Bertram: Perhaps you were at a vulnerable time, grasping at life any way you could. Perhaps you needed someone to help you through the worst time of your life. Perhaps you really did think you’d moved on, though you were actually denying what David’s death would mean to you. The best way to show yourself that he no longer meant everything to you is to find another man who meant something to you.

Amanda: But I do love Sam. He wasn’t—isn’t—just a replacement. And anyway, he can’t be a replacement. He’s married.

Bertram: Yeah, there’s no getting around that. I mean, I could make him single, but then there’s no story. You’d go from David’s life to Sam’s. Period. No identity crisis. (Do they even call it that any more?) No coming-of-age story. No money problems.

Amanda: Sounds good to me. After all, I’m the one who has to go through all that turmoil and grief.

Bertram: Talking to you here, you don’t seem all that boring. Seems like an interesting story for those who are interested in this type of story. So what’s the problem? Why don’t I like you? Why don’t I identify with you?

Amanda: Maybe you’re putting too much of yourself into the story. It is my story, after all.

Bertram: So how do I take myself out? How do I make you seem like a living, breathing woman who is not as wimpy as she appears to be?

Amanda: Give me good characters to butt heads with. Thalia, my daughter, isn’t well defined. I’m not sure what purpose she serves other than to prove that I had a normal life.

Bertram: Hmm. Good point. She has to serve some purpose. Maybe she’s another way you define yourself—as a mother. And now that she’s grown, it just adds to your inner turmoil. But she’s been living on her own for a long time—first at college, and now in her own apartment with her own business.

Amanda: Pet therapist. What kind of business is that? She seems happy enough. Well, except for the part where her beloved father just died and her mother is carrying on with another man. She’s not real, though. It’s as if you were just filling a slot in the story: insert kid here.

Bertram: I was. I am. Maybe her whole reason for being is to give you someone to fight with. I mean, who else but a daughter would fight with a woman who just lost her husband? The problem is that it doesn’t reflect well on you. You have to be someone people sympathize with or else there is no story. It only works if readers care about you, and I don’t know how to do that.

Amanda: Maybe add more Sam. I’d like to see more of him. He makes me feel good. He says wonderful things to me, he makes me hot—or at least he did. My libido seems to have died when David did.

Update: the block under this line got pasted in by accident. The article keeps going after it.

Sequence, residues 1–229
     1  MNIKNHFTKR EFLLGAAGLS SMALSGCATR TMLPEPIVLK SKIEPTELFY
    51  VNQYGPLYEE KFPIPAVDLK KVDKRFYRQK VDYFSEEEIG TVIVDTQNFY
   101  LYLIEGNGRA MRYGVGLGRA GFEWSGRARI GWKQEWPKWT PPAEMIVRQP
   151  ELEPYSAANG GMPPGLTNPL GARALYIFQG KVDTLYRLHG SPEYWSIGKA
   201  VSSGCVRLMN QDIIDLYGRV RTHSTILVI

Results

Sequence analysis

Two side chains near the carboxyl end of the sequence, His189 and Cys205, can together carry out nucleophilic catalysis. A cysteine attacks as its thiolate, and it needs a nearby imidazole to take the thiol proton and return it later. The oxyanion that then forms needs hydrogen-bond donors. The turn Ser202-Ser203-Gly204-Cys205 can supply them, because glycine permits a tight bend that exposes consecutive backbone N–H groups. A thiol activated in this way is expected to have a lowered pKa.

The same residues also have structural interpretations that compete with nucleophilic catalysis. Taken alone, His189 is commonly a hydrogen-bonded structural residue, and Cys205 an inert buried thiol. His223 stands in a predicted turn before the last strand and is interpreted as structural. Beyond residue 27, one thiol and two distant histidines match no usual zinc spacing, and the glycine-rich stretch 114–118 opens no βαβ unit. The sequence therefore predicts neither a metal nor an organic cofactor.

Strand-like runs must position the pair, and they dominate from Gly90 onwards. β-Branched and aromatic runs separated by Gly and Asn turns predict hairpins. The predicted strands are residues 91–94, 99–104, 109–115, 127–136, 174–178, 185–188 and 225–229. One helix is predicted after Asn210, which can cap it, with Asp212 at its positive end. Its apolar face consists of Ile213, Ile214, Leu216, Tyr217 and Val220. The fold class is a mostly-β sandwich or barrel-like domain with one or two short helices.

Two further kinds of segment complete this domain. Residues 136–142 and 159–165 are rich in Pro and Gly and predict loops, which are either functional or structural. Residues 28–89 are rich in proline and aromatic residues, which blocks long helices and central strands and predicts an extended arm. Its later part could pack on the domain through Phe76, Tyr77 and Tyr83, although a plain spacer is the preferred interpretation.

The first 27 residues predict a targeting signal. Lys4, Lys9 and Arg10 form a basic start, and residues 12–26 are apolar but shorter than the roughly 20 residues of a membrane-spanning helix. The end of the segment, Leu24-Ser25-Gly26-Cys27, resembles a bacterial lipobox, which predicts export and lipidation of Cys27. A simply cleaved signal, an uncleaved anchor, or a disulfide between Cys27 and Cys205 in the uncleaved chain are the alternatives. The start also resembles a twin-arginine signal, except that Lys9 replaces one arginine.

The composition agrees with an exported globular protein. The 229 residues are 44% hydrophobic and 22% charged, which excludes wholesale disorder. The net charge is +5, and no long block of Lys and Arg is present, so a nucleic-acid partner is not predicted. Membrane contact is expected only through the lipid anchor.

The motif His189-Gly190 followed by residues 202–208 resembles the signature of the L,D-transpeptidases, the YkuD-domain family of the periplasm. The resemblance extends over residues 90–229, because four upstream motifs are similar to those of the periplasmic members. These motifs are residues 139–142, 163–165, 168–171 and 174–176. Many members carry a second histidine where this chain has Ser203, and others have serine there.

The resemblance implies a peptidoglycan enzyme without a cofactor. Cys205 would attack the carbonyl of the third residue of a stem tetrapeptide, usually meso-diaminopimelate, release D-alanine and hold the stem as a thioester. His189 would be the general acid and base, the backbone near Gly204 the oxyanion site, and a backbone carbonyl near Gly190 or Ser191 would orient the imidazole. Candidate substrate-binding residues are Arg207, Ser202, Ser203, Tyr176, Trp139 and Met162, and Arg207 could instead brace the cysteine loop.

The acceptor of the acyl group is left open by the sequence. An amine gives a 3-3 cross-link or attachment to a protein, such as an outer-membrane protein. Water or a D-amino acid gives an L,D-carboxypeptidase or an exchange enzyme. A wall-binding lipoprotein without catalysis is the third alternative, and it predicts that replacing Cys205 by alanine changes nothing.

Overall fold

Bertram: But you two have never actually met. You used to spend hours online, though that’s dwindled—since his wife is getting better, he doesn’t have the privacy he had when you first met him. You talked about things you hadn’t talked about to anyone else, really opened up to each other, exchanged photos (even a couple of naked ones) but you’ve never even touched. So how do you know Sam loves you? How do you know you love him?

Amanda: Could that be part of the story? And how come I don’t have any friends?

Bertram: I don’t know. Maybe your friends with other preacher’s wives, but they’re as busy as you once were and have little time for you. That seems to be a growing theme in the story. David had no time for you—he became reclusive before he died. Thalia has no time for you. She’s busy with her work, and she’s angry at you. Sam doesn’t have much time for you now. And your friends have no time for you.

Amanda: That makes me seem pathetic. I don’t like feeling pathetic.

Bertram: I don’t much like it, either. A pathetic hero is not much of a hero. Maybe I should throw more trauma your way.

Amanda: As if losing my husband, losing my daughter, losing my home isn’t trauma enough.

Bertram: So we need to offset those losses with things you find—like the gun, like the photo of the other Thalia.

Amanda: Like Sam. I sure would like to get naked with him. Maybe you can plan a trip for me.

Bertram: I could do that. Then I could figure out a reason you couldn’t meet. Like his wife gets sick again or his car breaks down. Maybe you could drive by his house when he doesn’t show up for your rendezvous. Maybe you could see him outside and you like what you see, like how you gentle he is with his wife. But would that take away from the climax when you do meet?

Amanda: My climax or the story’s climax?

Bertram: Both.

Amanda: I like that.

Bertram: You would, you hussy.

Amanda: Not a hussy. Just a woman lost. A woman who doesn’t see herself as special, yet who manages to find two great loves. It was just fate’s joke that the two loves overlapped. Could be that was the only time I could have fallen in love. Before David got sick, I was focused on him, living our life together. After he died, I was focused on him, remembering our life together.

Bertram: That’s what I need—a few scenes showing you and David together. What would exemplify your love? You already admitted that yours wasn’t a passionate marriage, so there had to be something special about him that made you love him, something special about you that made him love you. Sacrifice would work, but since you were together all those years, you didn’t sacrifice your life for him. But maybe you sacrificed yourself? I’ll have to think about this.